Ask A Maritime Attorney: Can I record a maritime lien against the boat to secure my attorneys’ fee claim?
I am in litigation over the sale of my boat last year. The buyer sued me, as well as my yacht broker and his own broker. This is clearly a frivolous lawsuit, and it looks like we will be on the winning side. My question concerns the recovery of my attorneys’ fees at the end of the lawsuit. The purchase and sale agreement for the boat includes a provision that awards attorneys’ fees to the prevailing party, and I would like to record a maritime lien against the boat to secure payment. My attorney is skeptical about this, but he is not a maritime attorney. Since the attorneys’ fee claim will be related to the dispute over the sale of the boat, it seems like I should be able to assert the lien. What are the rules for this? Can I record a maritime lien against the boat to secure my attorneys’ fee claim?
Our reader is putting the cart before the horse here (or maybe the barge before the tugboat?). His question concerns the possible assertion of a maritime lien to support a claim for recovery of attorneys’ fees, but the lawsuit is still ongoing. Slow down. Litigation often takes a few unexpected turns before the judge makes his or her final ruling. Even so, we can take a look at his question by assuming that he will in fact win the lawsuit. Hopefully we won’t jinx anything in the process!
Let’s jump right in and get right to the answer of our reader’s question. The bottom line is that his attorney is correct. He won’t have a lien aganst the boat for attorneys’ fees, even if he wins the lawsuit.
A lien is a financial security device that provides collateral to secure payment of an obligation. Regardless of the nature of the particular lien, the question of whether a lien is valid depends on whether various requirements have been met, all separate from the question of whether the money is actually owed. For maritime liens, the underlying claim must be something that provides a service or benefit to the vessel (rather than to the owner).
The “service to the vessel” requirement leads to some unexpected outcomes. For example, looking at our reader’s question, a contract for the purchase and sale of a vessel would seem to most of us to be a maritime contract. In fact, it is not. A vessel purchase contract establishes rights and responsibilities between the buyer and seller, but it does not provide a service to the vessel. This extends to any provision of the contract, including a provision for the recovery of attorneys’ fees in a dispute.
Technically, even if you have a true maritime contract, such as a contract to provide fuel to a vessel, and that contract calls for the recovery of attorneys fees in a dispute, a maritime lien asserted for unpaid fuel delivery invoices cannot include a claim for recovery of attorneys’ fees. Legal fees (maritime or otherwise) do not give rise to a maritime lien, because attorneys do not provide a service to the vessel. They provide a service to the vessel owner or other individual.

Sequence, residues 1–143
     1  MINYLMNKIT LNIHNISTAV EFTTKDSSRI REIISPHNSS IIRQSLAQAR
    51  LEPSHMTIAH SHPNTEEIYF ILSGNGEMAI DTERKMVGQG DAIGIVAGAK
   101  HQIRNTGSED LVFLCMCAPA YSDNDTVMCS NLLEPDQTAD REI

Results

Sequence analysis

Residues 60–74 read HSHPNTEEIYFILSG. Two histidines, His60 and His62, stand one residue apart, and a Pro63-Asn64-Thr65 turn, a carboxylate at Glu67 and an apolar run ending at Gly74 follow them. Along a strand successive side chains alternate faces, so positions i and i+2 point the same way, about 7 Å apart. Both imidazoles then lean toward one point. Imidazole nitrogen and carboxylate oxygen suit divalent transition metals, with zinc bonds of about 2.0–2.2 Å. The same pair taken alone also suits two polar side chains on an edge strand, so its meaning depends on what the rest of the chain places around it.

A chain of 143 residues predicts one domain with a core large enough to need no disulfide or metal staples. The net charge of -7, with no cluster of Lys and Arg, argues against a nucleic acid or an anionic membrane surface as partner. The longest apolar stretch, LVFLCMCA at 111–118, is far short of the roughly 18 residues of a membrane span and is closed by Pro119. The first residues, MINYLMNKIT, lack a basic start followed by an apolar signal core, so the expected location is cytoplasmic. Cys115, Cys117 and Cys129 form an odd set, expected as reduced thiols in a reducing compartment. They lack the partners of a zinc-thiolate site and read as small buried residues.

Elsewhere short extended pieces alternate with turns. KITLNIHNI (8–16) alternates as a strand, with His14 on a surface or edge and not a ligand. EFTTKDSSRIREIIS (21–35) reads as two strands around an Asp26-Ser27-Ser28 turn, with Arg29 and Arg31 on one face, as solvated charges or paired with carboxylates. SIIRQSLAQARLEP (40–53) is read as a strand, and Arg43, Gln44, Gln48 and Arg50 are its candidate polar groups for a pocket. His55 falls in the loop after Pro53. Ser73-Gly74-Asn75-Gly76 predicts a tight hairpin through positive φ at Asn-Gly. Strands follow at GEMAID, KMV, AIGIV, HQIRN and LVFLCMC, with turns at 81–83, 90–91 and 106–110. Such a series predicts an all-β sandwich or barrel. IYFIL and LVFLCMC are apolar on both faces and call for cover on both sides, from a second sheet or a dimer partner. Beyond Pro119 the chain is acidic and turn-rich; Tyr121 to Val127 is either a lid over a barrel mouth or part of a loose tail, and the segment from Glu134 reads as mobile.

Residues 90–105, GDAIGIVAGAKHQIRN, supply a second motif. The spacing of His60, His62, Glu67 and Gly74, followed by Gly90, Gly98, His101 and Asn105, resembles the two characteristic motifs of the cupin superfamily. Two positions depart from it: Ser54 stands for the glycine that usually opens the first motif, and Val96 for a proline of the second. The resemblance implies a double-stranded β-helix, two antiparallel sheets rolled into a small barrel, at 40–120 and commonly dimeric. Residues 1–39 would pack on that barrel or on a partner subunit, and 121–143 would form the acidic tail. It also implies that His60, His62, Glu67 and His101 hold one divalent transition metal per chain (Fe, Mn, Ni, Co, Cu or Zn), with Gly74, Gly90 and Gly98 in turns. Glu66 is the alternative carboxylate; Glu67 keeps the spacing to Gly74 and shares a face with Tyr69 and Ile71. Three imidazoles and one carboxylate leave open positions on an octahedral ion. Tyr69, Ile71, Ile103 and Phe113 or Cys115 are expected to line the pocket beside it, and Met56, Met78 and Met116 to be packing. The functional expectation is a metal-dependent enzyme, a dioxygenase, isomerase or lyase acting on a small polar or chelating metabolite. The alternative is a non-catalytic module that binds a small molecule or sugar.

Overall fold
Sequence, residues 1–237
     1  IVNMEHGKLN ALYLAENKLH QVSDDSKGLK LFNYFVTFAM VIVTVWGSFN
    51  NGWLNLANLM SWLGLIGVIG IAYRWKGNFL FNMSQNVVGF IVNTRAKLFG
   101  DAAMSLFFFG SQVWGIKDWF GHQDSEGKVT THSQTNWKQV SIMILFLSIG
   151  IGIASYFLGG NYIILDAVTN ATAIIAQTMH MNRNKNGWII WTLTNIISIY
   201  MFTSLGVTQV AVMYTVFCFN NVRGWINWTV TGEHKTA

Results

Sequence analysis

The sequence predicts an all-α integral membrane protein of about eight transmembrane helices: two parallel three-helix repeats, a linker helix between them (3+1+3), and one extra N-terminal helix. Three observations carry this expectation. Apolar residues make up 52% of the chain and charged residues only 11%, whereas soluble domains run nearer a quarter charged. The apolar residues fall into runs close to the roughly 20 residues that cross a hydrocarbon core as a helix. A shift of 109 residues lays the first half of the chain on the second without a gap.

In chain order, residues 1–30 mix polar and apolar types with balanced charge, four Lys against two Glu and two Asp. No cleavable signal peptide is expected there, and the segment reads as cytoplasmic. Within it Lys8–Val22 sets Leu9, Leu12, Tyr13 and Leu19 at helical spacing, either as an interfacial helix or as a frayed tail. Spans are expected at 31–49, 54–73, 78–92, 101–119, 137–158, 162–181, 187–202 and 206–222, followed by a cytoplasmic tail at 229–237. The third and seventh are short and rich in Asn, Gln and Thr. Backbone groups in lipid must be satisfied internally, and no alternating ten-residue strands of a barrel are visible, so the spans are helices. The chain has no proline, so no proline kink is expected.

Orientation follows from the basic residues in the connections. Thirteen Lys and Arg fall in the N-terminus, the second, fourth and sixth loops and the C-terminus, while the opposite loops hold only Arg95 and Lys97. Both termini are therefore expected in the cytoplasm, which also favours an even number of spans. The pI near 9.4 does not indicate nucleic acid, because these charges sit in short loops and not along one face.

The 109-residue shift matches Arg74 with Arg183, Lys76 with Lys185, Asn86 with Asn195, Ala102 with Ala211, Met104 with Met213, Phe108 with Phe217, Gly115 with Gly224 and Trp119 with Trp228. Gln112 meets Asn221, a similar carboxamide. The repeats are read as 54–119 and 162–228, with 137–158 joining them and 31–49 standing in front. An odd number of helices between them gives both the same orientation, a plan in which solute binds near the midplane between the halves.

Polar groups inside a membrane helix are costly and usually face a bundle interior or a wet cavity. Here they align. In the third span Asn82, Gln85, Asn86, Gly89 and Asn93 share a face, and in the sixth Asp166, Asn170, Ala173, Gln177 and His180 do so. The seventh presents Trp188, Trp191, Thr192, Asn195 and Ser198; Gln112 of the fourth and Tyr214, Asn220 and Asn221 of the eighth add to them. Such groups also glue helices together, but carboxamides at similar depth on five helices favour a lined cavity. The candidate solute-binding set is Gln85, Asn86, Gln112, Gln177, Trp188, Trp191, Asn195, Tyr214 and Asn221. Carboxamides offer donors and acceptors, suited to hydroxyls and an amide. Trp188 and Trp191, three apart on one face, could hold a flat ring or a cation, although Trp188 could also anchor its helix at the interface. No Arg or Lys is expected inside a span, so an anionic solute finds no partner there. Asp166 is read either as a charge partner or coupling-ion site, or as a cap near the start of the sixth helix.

It should be noted that the exclusion of attorneys’ fees from the amount secured by a maritime lien has no effect on the underlying claim for fees. The other side in the litigation will still owe the money. This discussion refers only to the maritime lien, and as such, only to the question of whether the boat can be used as collateral for the recovery of the fees.
The only real exception to this rule excluding attorneys’ fees from a maritime lien relates to an attorneys’ fees clause found in a Preferred Ship Mortgage (a mortgage on a Coast Guard documented vessel). A mortgage is technically not a maritime lien because it does not provide a service to the vessel. Similar to a purchase and sale contract, a mortgage provides a service to the buyer or owner of the vessel.
A Preferred Ship Mortgage is a product of a statute (the Federal Ship Mortgage Act; 46 U.S. Code § 31321) that uses the same enforcement procedures that are used to enforce a maritime lien. It is the only claim of this sort that exists only if it is supported by a written contract (verbal agreements for other services provided to a vessel do give rise to a maritime lien). As such, courts have found that everything in that mortgage contract falls under the statutory claim against the vessel for the enforcement of the mortgage.
Like most other areas of maritime law, maritime liens in general, and specifically the recovery of attorneys fees in connection with a maritime disputed, can lead to a nuanced discussion of arcane legal concepts that may not be familiar to general legal practitioners.. Always look to an experienced maritime attorney for answers.
David Weil is licensed to practice law in the state of California and as such, some of the information provided in this column may not be applicable in a jurisdiction outside of California. Please note also that no two legal situations are alike, and it is impossible to provide accurate legal advice without knowing all the facts of a particular situation. Therefore, the information provided in this column should not be regarded as individual legal advice, and readers should not act upon this information without seeking the opinion of an attorney in their home state.
David Weil is the managing attorney at Weil & Associates (www.weilmaritime.com) in Seal Beach. He is certified as a Specialist in Admiralty and Maritime Law by the State Bar of California Board of Legal Specialization and a “Proctor in Admiralty” Member of the Maritime Law Association of the United States, an adjunct professor of Admiralty Law, and former legal counsel to the California Yacht Brokers Association. If you have a maritime law question for Weil, he can be contacted at 562-799-5508, through his website at www.weilmaritime.com, or via email at firstname.lastname@example.org.